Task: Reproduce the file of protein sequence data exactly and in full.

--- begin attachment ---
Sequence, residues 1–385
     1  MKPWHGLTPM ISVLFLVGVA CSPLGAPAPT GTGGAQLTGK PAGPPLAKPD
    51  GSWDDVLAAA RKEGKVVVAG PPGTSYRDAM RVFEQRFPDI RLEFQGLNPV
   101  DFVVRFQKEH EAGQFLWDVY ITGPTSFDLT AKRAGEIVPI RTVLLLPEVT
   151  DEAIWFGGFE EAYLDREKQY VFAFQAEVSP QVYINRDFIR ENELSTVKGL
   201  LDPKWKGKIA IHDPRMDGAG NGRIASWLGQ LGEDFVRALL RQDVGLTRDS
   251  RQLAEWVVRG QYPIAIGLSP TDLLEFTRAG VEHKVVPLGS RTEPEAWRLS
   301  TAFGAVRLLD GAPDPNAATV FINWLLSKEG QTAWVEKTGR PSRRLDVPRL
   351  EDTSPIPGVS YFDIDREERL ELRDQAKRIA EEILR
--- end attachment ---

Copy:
Sequence, residues 1–385
     1  MKPWHGLTPM ISVLFLVGVA CSPLGAPAPT GTGGAQLTGK PAGPPLAKPD
    51  GSWDDVLAAA RKEGKVVVAG PPGTSYRDAM RVFEQRFPDI RLEFQGLNPV
   101  DFVVRFQKEH EAGQFLWDVY ITGPTSFDLT AKRAGEIVPI RTVLLLPEVT
   151  DEAIWFGGFE EAYLDREKQY VFAFQAEVSP QVYINRDFIR ENELSTVKGL
   201  LDPKWKGKIA IHDPRMDGAG NGRIASWLGQ LGEDFVRALL RQDVGLTRDS
   251  RQLAEWVVRG QYPIAIGLSP TDLLEFTRAG VEHKVVPLGS RTEPEAWRLS
   301  TAFGAVRLLD GAPDPNAATV FINWLLSKEG QTAWVEKTGR PSRRLDVPRL
   351  EDTSPIPGVS YFDIDREERL ELRDQAKRIA EEILR